What does Preference Shares mean? Preference Shares, as its name suggests, gets precedence over equity shares on the matters like distribution of dividend at a fixed rate and repayment of capital in the event of liquidation of the company. Preference shares are one of the important sources of hybrid financing. As the name suggests, these have certain preferences as compared to other types of shares. These shares are given two preferences. There is a preference for payment of dividend. Whenever the company has distributable profits, the dividend is first paid on preference share capital.
The content of study from Preferred Shares: Explanation of Preference Shares, Features of Preference Shares, Good and Bad of Preferred Shares (Advantages and Disadvantages of Preference Shares).
The preference shareholders are also the part owners of the company like equity shareholders, but in general, they do not have voting rights. However, they get right to vote on the matters which directly affect their rights like the resolution of winding up of the company, or in the case of the reduction of capital.
Other shareholders are paid a dividend only out of the remaining profits if any. The second preference for shares is repayment of capital at the time of liquidation of the company. After payment of outside creditors, preference share capital is returned. Equity shareholders will be paid only when preference share capital is paid in full.
Explanation of Preference Shares.
They are those shares which carry certain special or priority rights. Firstly, the dividend at a fixed rate is payable on these shares before any dividend is paid on equity shares. Secondly, at the time of winding up of the company, capital is repaid to preference shareholders prior to the return of equity capital. Preferred Shares do not carry voting rights. However, holders of preferred shares may claim voting rights if the dividends are not paid for two years or more on cumulative preference shares and three years or more on non-cumulative preferred shares.
The share which entitles the holder to a fixed dividend, whose payment takes priority over that of ordinary share dividends. Preferred Shares are one of the important sources of hybrid financing. It is hybrid security because it has some features of equity shares as well as some features of debentures. The holders of preference shares enjoy the preferential rights with regard to receiving of dividend and getting back of capital in case the company winds-up.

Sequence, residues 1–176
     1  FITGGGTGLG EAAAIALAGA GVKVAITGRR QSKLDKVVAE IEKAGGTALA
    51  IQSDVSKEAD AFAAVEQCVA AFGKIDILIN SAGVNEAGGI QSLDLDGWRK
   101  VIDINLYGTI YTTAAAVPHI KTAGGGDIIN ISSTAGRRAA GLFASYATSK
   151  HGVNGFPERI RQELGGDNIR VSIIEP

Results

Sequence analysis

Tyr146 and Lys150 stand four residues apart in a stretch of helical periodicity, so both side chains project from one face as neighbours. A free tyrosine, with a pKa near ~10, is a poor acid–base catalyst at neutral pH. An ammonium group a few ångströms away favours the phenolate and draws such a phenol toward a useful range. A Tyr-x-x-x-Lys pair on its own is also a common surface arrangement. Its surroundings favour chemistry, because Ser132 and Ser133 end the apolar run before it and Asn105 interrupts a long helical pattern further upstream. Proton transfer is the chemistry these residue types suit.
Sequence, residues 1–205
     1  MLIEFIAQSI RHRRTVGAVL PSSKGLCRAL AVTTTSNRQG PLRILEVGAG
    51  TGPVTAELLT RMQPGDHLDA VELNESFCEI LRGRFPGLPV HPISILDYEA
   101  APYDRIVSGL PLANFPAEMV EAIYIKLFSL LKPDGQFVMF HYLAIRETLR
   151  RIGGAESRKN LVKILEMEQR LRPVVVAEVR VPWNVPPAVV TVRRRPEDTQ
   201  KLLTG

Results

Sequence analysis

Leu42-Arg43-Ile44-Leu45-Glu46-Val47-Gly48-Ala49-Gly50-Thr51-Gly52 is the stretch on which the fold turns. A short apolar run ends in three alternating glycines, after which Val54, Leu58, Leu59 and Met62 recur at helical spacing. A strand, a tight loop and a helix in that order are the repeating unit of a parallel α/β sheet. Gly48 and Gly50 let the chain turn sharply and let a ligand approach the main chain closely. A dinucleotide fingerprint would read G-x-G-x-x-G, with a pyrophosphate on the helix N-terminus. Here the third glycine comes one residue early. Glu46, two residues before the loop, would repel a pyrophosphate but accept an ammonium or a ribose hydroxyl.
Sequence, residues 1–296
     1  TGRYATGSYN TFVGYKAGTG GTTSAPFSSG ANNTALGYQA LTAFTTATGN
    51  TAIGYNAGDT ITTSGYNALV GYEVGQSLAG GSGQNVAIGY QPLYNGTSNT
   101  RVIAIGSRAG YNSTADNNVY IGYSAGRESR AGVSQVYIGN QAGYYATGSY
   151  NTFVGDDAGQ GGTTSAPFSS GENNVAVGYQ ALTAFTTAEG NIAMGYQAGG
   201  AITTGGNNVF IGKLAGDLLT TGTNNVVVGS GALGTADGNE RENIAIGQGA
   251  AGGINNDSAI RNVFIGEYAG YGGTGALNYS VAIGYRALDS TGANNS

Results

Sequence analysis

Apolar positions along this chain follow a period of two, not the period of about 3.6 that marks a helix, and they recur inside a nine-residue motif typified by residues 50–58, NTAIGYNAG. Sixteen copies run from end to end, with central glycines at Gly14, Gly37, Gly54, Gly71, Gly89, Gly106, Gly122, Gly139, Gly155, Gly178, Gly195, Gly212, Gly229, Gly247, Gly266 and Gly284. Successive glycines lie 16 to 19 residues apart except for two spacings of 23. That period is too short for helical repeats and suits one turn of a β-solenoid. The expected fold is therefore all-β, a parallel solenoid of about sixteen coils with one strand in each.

They are a long-term source of finance for a company. They are neither completely similar to equity nor equivalent to debt. The law treats them as shares but they have elements of both equity shares and debt. For this reason, they are also called “Hybrid financing instruments”. These are also known as preferred stock, preferred shares, or only preferred’s in a different part of the world.
Features of Preference Shares.
They have the characteristics of both equity shares and debentures. Like equity shares, dividend on preferred shares is payable only when there are profits and at the discretion of the Board of Directors.
Preferred Shares are similar to debentures in the sense that the rate of dividend is fixed and preference shareholders do not generally enjoy voting rights. Therefore, they are a hybrid form of financing.
The features of preference shares are listed below:
They have dividend provisions which are cumulative or non- cumulative. Most shares have the cumulative provisions, which mean that any dividend not paid by the company accumulates. Normally, the firm must pay these unpaid dividends prior to the payment of dividends on the common stock. These unpaid dividends are known as dividends in arrears or arrearages. Non-cumulative dividends do not accumulate if they are not paid when due.
An investor contemplating the purchase of preferred shares with a non-cumulative dividend provision needs to be especially diligent in the investigation of the company because of the investor’s potentially weak position vis-a-vis those preference shares with a cumulative dividend provision. In the case of cumulative preferred shares, even if the arrears of the preference dividend are cleared in full, the investor would be the loser as he is to get less in net worth.
Most they are non-participating, meaning that the preference shareholder receives only his stated dividend and no more. The theory is that the preference shareholder has surrendered claim to the residual earnings of his company in return for the right to receive his dividend before dividends are paid to common shareholders.